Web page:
Raising a Cow for Beef: Month 2

Corey —  October 21, 2009

Paul & Bambi - 2 Months Old

       Meet Bambi, our two month old steer. My wife and I are raising him for beef. I highly doubt we’re going to save much money by raising him ourselves. Looking at the feed costs alone, we might end up ahead. But it’s the time spent feeding and caring for him that will ultimately make this a break-even or money-losing experiment. I’m going to track the costs and time that go into raising Bambi and share that information with you all in monthly updates until he goes to the butcher (probably in Spring 2011).

How We Got Bambi

       My wife and I live in the southern part of Lancaster County, Pennsylvania, which is home to many dairy farms. I’d say that well over half of the families in our church either currently are or were once connected to the dairy industry (either working on the family farm, selling feed, trucking milk, or doing custom farm work). It’s through one of the families at church that we received Bambi.

       Konrad, the youngest of the family and the one in charge of breeding and feeding the family’s herd, had been trying to breed a Jersey heifer into the herd. He bred one of their small Holstein cows to a Jersey bull and got a heifer a while back. Once she was old enough, he bred her to another Jersey bull but this time he got a bull – Bambi.

       Bambi was a bit premature so he was rather small when he was born. Dairy farms rarely keep bull calves, especially small ones, unless they’re going to raise them for beef or use them for breeding. Bambi was destined to go off on the truck and he faced a grim future. Because he was so small, he probably wouldn’t bring much money and the farm would end up with a bill because of the transportation costs. Konrad offered to let us have Bambi for free if we wanted him. I thought it would be fun, and Michelle couldn’t say no after she met Bambi.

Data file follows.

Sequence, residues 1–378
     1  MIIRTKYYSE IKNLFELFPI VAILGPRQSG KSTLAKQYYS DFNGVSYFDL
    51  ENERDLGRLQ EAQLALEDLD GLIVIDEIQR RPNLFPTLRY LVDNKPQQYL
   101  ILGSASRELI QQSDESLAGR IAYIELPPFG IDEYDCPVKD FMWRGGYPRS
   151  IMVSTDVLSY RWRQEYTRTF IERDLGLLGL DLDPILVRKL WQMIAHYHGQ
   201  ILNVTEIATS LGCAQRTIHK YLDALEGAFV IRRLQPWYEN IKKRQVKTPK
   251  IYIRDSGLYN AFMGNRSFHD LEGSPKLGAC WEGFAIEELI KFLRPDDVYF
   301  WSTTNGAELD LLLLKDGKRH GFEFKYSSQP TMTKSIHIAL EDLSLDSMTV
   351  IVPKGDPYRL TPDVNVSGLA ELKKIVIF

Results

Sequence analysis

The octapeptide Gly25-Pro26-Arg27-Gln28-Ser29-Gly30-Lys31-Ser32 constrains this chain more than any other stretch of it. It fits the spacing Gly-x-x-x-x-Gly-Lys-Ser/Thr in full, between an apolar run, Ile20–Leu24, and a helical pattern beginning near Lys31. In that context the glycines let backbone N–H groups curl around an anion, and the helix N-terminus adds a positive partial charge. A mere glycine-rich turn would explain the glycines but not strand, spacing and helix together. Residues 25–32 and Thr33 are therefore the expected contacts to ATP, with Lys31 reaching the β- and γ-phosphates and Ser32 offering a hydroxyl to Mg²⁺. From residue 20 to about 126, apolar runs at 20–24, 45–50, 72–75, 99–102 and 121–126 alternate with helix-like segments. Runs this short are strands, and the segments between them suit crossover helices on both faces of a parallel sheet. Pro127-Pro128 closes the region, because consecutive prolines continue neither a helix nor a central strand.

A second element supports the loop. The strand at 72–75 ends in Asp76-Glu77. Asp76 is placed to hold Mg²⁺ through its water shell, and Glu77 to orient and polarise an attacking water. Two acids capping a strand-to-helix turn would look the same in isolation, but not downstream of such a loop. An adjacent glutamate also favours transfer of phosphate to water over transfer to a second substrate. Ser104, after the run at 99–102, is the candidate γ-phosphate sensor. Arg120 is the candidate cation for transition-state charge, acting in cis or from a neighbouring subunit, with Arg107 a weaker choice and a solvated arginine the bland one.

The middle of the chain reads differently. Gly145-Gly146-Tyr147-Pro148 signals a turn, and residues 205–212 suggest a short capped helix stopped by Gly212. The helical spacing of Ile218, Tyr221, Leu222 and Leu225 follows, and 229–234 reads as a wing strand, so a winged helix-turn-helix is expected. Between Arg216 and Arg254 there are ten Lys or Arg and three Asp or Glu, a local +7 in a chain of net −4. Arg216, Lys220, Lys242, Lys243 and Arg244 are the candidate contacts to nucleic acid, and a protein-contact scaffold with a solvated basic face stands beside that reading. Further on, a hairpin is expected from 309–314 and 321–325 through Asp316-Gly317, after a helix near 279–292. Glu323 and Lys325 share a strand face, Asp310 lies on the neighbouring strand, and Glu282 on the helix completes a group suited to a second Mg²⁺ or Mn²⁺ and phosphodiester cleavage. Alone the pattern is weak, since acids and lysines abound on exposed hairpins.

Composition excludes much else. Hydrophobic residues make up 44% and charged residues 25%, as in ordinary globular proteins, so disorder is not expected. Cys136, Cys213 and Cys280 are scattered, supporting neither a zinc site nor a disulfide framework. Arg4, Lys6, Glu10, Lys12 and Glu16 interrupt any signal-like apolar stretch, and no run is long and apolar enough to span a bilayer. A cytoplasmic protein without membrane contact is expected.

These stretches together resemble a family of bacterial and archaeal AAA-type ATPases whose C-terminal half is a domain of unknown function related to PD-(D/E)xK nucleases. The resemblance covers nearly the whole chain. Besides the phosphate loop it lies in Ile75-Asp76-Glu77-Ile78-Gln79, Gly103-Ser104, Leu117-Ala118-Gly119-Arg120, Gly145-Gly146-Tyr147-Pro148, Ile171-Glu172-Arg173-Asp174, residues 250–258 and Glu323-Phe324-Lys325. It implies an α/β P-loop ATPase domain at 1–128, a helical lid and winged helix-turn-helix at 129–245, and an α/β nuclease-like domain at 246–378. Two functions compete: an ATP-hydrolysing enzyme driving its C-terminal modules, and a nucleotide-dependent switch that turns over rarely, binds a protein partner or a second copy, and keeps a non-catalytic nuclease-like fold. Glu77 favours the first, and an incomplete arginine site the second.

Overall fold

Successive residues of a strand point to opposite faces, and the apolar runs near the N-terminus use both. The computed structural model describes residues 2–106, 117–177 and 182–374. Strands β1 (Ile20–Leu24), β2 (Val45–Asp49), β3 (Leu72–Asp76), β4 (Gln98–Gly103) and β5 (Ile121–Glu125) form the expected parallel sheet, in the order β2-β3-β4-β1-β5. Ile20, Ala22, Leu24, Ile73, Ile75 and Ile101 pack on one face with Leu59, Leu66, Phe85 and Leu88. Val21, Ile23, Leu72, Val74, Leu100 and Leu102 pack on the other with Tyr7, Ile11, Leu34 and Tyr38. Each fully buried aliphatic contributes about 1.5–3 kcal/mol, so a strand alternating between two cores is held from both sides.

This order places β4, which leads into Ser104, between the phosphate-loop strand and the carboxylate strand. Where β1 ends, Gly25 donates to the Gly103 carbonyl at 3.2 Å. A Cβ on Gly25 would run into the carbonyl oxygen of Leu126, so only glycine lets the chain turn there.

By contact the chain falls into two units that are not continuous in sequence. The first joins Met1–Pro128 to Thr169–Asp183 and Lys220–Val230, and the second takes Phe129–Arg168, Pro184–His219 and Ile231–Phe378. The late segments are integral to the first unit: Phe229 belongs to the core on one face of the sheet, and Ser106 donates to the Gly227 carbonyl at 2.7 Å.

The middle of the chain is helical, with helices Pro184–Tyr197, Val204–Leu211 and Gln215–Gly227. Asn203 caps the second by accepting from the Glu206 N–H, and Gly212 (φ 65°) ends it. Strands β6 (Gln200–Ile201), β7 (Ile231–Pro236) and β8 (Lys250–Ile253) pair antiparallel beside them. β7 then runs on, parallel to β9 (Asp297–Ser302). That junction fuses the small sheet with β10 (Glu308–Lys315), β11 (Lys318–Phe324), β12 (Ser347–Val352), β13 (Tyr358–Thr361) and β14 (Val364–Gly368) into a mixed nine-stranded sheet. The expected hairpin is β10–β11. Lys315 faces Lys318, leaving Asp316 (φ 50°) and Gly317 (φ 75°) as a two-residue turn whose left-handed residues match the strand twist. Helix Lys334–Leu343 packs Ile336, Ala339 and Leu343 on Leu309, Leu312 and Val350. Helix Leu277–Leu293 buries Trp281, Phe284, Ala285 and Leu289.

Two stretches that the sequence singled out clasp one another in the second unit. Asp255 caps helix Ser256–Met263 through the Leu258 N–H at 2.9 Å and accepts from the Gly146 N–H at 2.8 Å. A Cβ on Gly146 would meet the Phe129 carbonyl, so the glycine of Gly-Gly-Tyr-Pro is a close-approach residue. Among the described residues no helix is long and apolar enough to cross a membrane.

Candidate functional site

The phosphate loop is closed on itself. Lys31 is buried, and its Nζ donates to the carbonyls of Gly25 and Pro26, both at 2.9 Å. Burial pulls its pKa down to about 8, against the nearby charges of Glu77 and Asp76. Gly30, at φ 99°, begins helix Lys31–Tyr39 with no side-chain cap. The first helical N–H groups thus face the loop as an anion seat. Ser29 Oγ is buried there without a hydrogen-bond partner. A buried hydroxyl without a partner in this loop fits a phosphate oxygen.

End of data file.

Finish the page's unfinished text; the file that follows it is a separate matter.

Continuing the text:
Konrad kept Bambi long enough to get him dehorned and castrated when the vet (another member of our church) came by the farm. We got Bambi on August 31st, a week and a half after he was born (on August 21st). He’s two months old today, and he’s finally off milk replacer (powdered milk designed especially for calves). Here’s a picture of me with Bambi on the night Konrad dropped him off:

Paul with Bambi at one and a half weeks old

The Costs and Time

       I’ve been tracking the costs and the time spent on Bambi so far, not including recreational time. (We sometimes take him on walks around the yard or through the corn fields surrounding our house. Yes, that does sound weird.) It has been taking about 10 minutes each time to feed Bambi while he’s been on milk, and we’ve had to do that twice a day since we got him. Plus, I had to spend some extra time getting things ready for him. I expect the time commitment to go down a bit now that he’s off milk, but we’ll see. Here’s what we’ve spent so far:

  • Cost of Bambi – Free, my favorite price!

  • Castration & Dehorning – $16.00

  • Milk Replacer – $45.54 (You’d technically only need half that for one calf, but since we only have one calf we fed it all to him. I guess we could have sold the extra to a farmer, but then we would have needed to buy more calf feed.)

  • Calf Feed – $10.84